Cries and Whispers (1972)

TOMATOMETER

AUDIENCE SCORE

Critic Consensus: No consensus yet.


Movie Info

This grim but unforgettable film stars Liv Ullman and Ingrid Thulin as the sisters of dying cancer patient Harriet Andersson. With her two sisters wrapped up in their own problems, Andersson turns to her housekeeper Kari Sylwan for comfort; Sylwan has herself suffered the death of a child.

Rating: R
Genre: Drama, Romance
Directed By:
Written By: Ingmar Bergman
In Theaters:
On DVD: Jun 19, 2001
Runtime:
Criterion Collection

Cast


as Maria

as Pastor

as Fredrik

as Fredrik

as Maria's daughter

as Aunt Olga

as Agnes as a Child

as Maria as a Child

as Karin as a Child
Show More Cast

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Critic Reviews for Cries and Whispers

All Critics (28) | Top Critics (6)

The much-vaunted color symbolism is so obvious as to be almost charming in its simplicity, and the gothic ambience never really resonates.

Full Review… | August 1, 2007
Chicago Reader
Top Critic

Ingmar Bergman's dark vision of the human condition has focused on individuals incapable of real inter-personal communications except on the most primitive level.

Full Review… | August 1, 2007
Variety
Top Critic

Bergman's hour remains resolutely that of the wolf.

Full Review… | June 24, 2006
Time Out
Top Critic

It stands alone and it reduces almost everything else you're likely to see this season to the size of a small cinder.

Full Review… | May 20, 2003
New York Times
Top Critic

In order to understand why Cries and Whispers is a great film, it must be experienced, not merely watched.

Full Review… | September 19, 2002
ReelViews
Top Critic

Bergman never made another film this painful. To see it is to touch the extremes of human feeling. It is so personal, so penetrating of privacy, we almost want to look away.

Full Review… | August 26, 2002
Chicago Sun-Times
Top Critic

Audience Reviews for Cries and Whispers

Ingmar Bergman, 1918-2007

brooklynspo
Bob Stinson

Super Reviewer

½

In a perfect demonstration that horror and trauma are the stuff of real, everyday life and not the macabre vision of fantasists, Cries and Whispers marked Bergman's recovery as one of Europe's greatest film directors.

Like most Bergman films, Cries and Whispers is concerned with death, the suffering before death and the re-evaluation of life that death brings. It centres on three sisters: one dying of cancer, another trapped in a repellent marriage, and the last engaged in an uncomfortable affair. Moving between these three women is the maid, who tends the dying woman in her agony and, in one stunning scene, holding her to her naked bosom like a mother holding a child.

It is not, then, a barrel of laughs. Bergman films are not often for casual viewing, and I certainly won't be taking this one home to watch with my mother.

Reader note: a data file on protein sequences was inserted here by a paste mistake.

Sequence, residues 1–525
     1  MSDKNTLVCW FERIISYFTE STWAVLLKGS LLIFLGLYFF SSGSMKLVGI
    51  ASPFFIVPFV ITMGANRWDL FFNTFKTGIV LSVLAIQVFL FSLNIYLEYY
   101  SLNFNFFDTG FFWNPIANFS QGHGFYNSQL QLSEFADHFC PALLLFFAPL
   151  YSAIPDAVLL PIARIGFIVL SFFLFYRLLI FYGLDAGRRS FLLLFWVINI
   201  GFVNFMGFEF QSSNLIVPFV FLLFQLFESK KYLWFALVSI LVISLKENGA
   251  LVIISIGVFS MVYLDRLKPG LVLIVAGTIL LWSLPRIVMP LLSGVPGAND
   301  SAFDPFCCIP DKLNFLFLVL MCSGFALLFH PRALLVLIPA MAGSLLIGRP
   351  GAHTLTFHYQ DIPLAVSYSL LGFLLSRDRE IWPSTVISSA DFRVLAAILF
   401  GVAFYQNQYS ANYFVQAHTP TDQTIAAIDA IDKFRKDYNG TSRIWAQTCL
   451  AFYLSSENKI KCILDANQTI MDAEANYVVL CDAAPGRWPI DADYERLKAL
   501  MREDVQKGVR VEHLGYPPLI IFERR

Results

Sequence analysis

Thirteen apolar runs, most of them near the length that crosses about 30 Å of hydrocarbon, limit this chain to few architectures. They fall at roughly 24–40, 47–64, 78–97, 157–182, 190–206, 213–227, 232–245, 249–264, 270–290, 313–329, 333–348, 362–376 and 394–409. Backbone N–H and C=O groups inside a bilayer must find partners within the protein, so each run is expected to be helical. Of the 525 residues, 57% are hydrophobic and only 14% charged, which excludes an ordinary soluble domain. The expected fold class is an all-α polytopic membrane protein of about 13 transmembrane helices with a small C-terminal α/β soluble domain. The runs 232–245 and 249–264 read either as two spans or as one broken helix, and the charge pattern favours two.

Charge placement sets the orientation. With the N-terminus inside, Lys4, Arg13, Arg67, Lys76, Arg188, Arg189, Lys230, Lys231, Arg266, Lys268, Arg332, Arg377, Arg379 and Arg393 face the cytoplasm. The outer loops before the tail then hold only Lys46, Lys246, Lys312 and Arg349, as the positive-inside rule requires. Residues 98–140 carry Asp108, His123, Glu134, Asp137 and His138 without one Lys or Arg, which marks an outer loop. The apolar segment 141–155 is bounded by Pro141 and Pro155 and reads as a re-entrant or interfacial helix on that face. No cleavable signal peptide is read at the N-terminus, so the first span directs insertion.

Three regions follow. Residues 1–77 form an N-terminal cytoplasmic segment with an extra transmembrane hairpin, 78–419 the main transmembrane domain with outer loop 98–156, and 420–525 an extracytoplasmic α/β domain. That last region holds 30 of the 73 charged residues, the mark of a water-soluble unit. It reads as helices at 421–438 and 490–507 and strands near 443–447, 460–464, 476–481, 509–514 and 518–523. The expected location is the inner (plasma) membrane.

Like a great classical composer, Bergman uses contrast to enormous effect. Muted sounds which force you to strain to listen are punctuated with heart-rending screams from the dying Agnes. The colour scheme is a disquieting red, fading into pastoral greens and blues as the women reminisce about their younger life.

The characters also contrast uncomfortably. The two younger sisters, Karin and Maria, are sitting the deathwatch for their sister, but their task arouses no compassion in them. They are appalled and repelled by their sister's suffering, but they will not hold her hand or comfort her. The mutual dislike for each other is palpable. This contrasts with the simple humanism of their maid Anna ? whom they callously talk about firing, once their sister is dead.

Set in the late 19th Century, the story flits intermittently between present and past, fleshing out the motivations and the stories of the sisters. One of these flashbacks confronts the audience with one of the most disturbing image in cinema, a repressed Karin cutting her vagina with glass to avoid sex with her husband.

Only a director of Bergman's calibre could make such a film riveting. Yet riveting it is. Bergman gets sensational performances from his four main leads; regulars Liv Ullmann, Ingrid Thurin and Harriet Andersson and a majestic, understated Kari Sylwan. To call this film Ibsenesque would be a slur on the originality of Bergman's vision. It is a testimony to his genius that this may not be his best film, yet it is one of the most striking films in modern cinema. I cannot recommend it highly enough.

matertenebraum
Cassandra Maples

Super Reviewer

Gorgeously filmed, and emotionally resonant. Not the best Bergman film I've seen, but a great film still. Frightening, hypnotic, contemplative, and even somewhat disturbing. A good film for discussion.

Dillon Lupky
Dillon Lupky

Super Reviewer

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